Election Section

Commentary: Campbell Coe: Not a Myth to Many By SANDY ROTHMAN

Tuesday January 17, 2006

Thanks for publishing a lengthy obituary on Campbell Coe, one of Telegraph Avenue’s colorful characters and an important person in the local music scene. Scott Hambly’s writing evokes the wide-ranging talents of a true “Renaissance man” and observes his conversational style thoughtfully. His description of the “incredible” tales that turned out to be true was as well put as it’s ever been. I have a few corrections and comments: 

The accompanying photo is erroneously credited to Carl Fleischhauer (correct spelling), according to Carl. 

Hambly writes (perhaps assumes) that Campbell died in his sleep. That is not true. According to the Seattle hospice owner, who was with him at his passing, Campbell was fully awake and conscious right up to the moment of death. (The hospice is not called “Honeydew House,” as reported in this piece. Its correct name is “Honeydew Adult Family Home.”) The manner of his death convinced the owner, not that she hadn’t already discovered (even knowing nothing of his broad interests and skills), that this patient was a most remarkable person. 

The obituary says Campbell was in the UC Berkeley graduating class of 1955. According to the university, he would’ve been in that graduating class if he’d completed his studies, but he did not, so he wasn’t. His major was biophysics, not biochemisty. 

Aschow’s wasn’t the East Bay’s only violin shop back then, as stated, but it was likely the best. Respected luthier Hideo Kamimoto apprenticed with the Aschow family after learning from Campbell at Campus Music Shop or, as he says, learning patience by waiting for Campbell to show up at the shop. 

I believe it was Barry Olivier, not Campbell, who originally helped Jon and Deirdre Lundberg start their Berkeley guitar shop, although at an early point Campbell was in partnership with the Lundbergs. Later the two shops existed not far from each other. Lundberg’s was well known for collectible acoustic instruments and a coolly rarefied “folk atmosphere.” Campbell’s shop had affordable instruments, sometimes electric guitars and country LP records, and people remember it, and him, as “warm and friendly.” When he was there. 

During the ‘70s, Hambly writes, the music store’s “transactions diminished incrementally.” In fact, Campbell (whose abundant energy and flowing rap caused Jerry Garcia to dub him “the straight Neal Cassady”) continued sharing his wealth of musical knowledge with pickers far and wide, pursuing his passion for marine and other photography, and continuing whatever playing and repairing gigs came his way. Also in this period Campbell, an expert carpenter/woodworker like his father and brother, presaged the recycling movement by working with his pals in what he liked to call the “deconstruction trade”: salvaging useful parts from old houses slated for demolition. While in the ‘60s you might’ve gone to his shop to look through dusty boxes of old banjo or mandolin parts, which he would often sell for next to nothing, in the ‘70s you’d find boxes of interesting old door locks and face-plates rescued from houses.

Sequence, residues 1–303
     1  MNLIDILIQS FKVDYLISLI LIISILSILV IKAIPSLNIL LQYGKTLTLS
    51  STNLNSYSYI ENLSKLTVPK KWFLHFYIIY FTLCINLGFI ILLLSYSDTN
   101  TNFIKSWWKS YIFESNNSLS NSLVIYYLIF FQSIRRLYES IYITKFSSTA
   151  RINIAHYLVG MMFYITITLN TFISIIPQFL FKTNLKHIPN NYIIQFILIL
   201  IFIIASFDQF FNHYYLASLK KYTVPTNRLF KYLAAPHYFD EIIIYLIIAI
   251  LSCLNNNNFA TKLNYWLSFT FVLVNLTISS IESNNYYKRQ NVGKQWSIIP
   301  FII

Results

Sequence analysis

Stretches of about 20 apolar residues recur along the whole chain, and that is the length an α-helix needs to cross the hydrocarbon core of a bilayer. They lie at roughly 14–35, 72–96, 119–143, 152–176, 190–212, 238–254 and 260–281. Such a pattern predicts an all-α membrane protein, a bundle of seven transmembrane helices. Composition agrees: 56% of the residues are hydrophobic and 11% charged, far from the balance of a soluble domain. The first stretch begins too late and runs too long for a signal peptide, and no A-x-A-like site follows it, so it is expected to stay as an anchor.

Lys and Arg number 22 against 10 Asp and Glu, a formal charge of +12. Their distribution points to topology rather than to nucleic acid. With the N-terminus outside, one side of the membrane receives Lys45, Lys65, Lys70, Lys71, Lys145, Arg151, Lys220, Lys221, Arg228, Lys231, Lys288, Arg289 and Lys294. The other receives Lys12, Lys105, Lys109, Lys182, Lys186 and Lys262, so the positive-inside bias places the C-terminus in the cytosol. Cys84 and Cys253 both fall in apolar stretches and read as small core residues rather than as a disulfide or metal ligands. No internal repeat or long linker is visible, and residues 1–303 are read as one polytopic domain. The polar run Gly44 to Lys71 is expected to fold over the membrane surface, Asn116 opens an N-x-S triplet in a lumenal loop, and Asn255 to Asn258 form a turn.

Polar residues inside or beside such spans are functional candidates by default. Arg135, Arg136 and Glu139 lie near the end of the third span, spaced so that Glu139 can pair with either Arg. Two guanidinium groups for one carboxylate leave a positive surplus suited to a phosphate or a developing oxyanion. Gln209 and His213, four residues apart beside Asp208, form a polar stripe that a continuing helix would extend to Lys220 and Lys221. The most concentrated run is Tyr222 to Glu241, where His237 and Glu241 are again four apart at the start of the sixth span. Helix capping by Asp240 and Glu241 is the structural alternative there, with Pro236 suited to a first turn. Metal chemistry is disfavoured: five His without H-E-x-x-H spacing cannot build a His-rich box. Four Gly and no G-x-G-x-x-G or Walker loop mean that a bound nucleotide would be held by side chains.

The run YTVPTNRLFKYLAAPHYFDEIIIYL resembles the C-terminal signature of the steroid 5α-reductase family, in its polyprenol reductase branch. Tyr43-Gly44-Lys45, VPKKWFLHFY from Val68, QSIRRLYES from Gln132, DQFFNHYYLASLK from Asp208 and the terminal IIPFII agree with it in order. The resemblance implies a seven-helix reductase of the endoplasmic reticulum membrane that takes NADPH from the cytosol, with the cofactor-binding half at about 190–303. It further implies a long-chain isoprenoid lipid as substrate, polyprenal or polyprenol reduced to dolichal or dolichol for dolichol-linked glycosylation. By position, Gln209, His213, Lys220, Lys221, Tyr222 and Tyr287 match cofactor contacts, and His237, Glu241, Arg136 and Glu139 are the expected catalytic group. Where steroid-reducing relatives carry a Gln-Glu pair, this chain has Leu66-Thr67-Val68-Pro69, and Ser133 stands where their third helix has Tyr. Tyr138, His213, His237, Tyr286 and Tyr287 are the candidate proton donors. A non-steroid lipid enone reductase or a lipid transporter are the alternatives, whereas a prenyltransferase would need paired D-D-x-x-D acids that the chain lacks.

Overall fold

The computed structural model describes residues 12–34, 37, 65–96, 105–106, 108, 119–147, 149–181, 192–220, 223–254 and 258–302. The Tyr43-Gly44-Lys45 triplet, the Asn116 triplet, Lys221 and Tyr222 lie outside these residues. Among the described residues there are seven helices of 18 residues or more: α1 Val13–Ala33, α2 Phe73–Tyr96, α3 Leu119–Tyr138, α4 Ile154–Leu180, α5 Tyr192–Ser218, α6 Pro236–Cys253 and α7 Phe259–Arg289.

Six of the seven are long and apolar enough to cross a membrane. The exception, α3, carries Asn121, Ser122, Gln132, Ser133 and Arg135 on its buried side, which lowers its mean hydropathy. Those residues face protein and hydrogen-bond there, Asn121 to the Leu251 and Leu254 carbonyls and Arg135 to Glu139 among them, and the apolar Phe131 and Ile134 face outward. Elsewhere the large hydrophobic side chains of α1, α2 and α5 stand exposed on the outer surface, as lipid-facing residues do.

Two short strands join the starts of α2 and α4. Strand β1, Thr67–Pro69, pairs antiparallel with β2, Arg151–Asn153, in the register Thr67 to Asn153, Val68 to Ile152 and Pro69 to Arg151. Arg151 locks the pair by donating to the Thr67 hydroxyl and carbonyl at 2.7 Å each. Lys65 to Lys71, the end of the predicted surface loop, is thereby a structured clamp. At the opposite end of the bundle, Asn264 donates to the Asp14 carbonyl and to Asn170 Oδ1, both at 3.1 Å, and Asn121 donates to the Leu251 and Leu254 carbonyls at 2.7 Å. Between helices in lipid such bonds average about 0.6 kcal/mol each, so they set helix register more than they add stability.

A gifted musician, Campbell’s major guitar inspiration was Chet Atkins. Hank Snow is cited, but he really wasn’t a special exponent of that flatpick style. Able enough with a flatpick (though he usually used a thumbpick as a flatpick, even on mandolin), Campbell was without question mainly a fingerstyle guitarist. He was also a spirited singer, notably from the western swing songbook. 

Hambly says Campbell occasionally tested the “his own limits, and those of others, as well.” I’d say it plainer: he might take six years to finish your banjo repair job, a delay best appreciated by your upstairs neighbor. 

But “blandishments”? I don’t think so. Flattery and cajoling seem to be at the core meaning of this five-dollar word, and I didn’t see that. Yes, we’ll remember his “confidence, optimism, and irrepressible spirit,” and something even greater: his humanity and continuous advocacy. Not to those who “he thought needed his support,” a strange and incorrect spin. To know Campbell as a friend was to be encouraged by him. 

Decades ago somebody, I still don’t know who, produced a run of Day-Glo bumperstickers reading “Campbell Coe Is A Myth.” It was hard to know what effect this might’ve had on Campbell, but it was entertaining when one of them was spotted on a Berkeley police car. After Campbell’s Oct. 2 passing, a mutual friend’s e-mail was titled: “Campbell Coe: not a myth to me.” 


Sandy Rothman is a Berkeley resident.